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Managing Money 101

They say leading by example is one of the most important ways to teach your child about money management. So I’ve already put my kids behind the curve, I guess.

Managing money is not my strong suit, probably because a) I don’t like math, b) I’m a teacher, and it’s hard to manage what you don’t really have, and c) I have this blind spot where all my wants really do seem like needs.

My kids are now on the brink of adulthood, and my son is currently living with my brother and his family in Canada while completing his senior year. He just moved there in September and is looking for a part-time job to save for university and buy comic books, so we decided to spend part of the Christmas break learning more about budgeting.

Let me tell you something about my son. First of all, he is smart. He does very well in his studies and remembers EVERYTHING he learns. When we play table games, he remembers the rules for games we haven’t played since last Christmas. I sort of feel sorry for him because that means he has to re-explain the rules to the rest of the family because his dad and I do not retain anything in our long-term memories, and his sister doesn’t care enough about table games to remember.

He is in pre-calculus in his senior year, and while he doesn’t really enjoy it, he is actually passing the course. There has to be a recessive gene for math somewhere in there.

But when it comes to money, he is just starting out. He is into computers, so he has ‘needs’ for hardware that don’t necessarily match up to his influx of cash. He also feels strongly about daily coffee at Tim Horton’s and was surprised to learn that a $2.50 coffee per school day added up to $12.50 a week (yes, he is passing pre-cal).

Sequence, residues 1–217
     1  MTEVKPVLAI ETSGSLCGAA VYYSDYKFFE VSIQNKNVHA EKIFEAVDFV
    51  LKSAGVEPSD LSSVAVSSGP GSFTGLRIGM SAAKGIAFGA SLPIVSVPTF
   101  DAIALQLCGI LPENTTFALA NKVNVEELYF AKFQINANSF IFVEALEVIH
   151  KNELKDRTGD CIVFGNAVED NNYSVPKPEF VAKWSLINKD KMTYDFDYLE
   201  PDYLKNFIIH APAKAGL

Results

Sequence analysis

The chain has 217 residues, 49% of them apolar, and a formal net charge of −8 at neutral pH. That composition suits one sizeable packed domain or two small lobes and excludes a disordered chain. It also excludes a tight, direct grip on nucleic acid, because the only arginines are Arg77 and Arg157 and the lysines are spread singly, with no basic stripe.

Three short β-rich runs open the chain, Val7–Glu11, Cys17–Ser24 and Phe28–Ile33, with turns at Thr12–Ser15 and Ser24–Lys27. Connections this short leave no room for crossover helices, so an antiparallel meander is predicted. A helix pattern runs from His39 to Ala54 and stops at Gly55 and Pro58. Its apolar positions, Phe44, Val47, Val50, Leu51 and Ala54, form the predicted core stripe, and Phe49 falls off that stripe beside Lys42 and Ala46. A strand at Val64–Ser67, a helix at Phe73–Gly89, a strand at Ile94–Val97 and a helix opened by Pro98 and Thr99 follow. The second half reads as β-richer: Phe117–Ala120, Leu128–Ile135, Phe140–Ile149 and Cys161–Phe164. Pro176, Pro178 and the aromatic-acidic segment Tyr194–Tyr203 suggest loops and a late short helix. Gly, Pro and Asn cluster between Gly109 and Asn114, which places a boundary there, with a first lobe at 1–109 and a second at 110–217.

Here are some interesting things we have learned.

  1. He is also not quite clear on wants vs needs (that’s a dominant gene trait, I guess). The book we read said that “needs are things you can’t live without,” which hasn’t cleared up the confusion very much. I can’t argue that coffee is not a need. I just can’t.
  2. You should try to have an emergency fund of at least three months’ worth of expenses, according to what we read. That was a concerning number, I’d say.
  3. I think I needed the crash course just as much as he did. Once I got over the panic created by the emergency fund advice, I realized I could easily implement some of these budgeting tips.

One of the budgeting methods we liked was the envelope method. If you label envelopes with your monthly expenses and separate your paycheck into each envelope, you’ll ensure that you are living within your means.

Once you have your expenses divided up, you can save one portion that’s left and spend the other on leisure items; comic books for the boy and ice cream for his mother.

Another one was the 50-30-20 method. You allocate 50% of your income to needs, 30% to wants, and 20% to savings. We tried this one out so we could practice separating wants and needs. We got nowhere because sometimes my child forgets his lunch at home and then ‘needs’ to buy falafel near his school. Also, Tim Horton’s never budged from the needs column. It threw off the numbers.

Well, it’s a start for him and me anyway. Next, we’ll find out how to distinguish a real emergency so we know when to dip into our fund.

Author

  • Leza Warkentin

    I have been living and teaching in Puerto Vallarta, Mexico, since the turn of the century. I am a Canadian with a musician-Mexican husband and two Mexican-Canadian patas saladas who are growing up way too fast.

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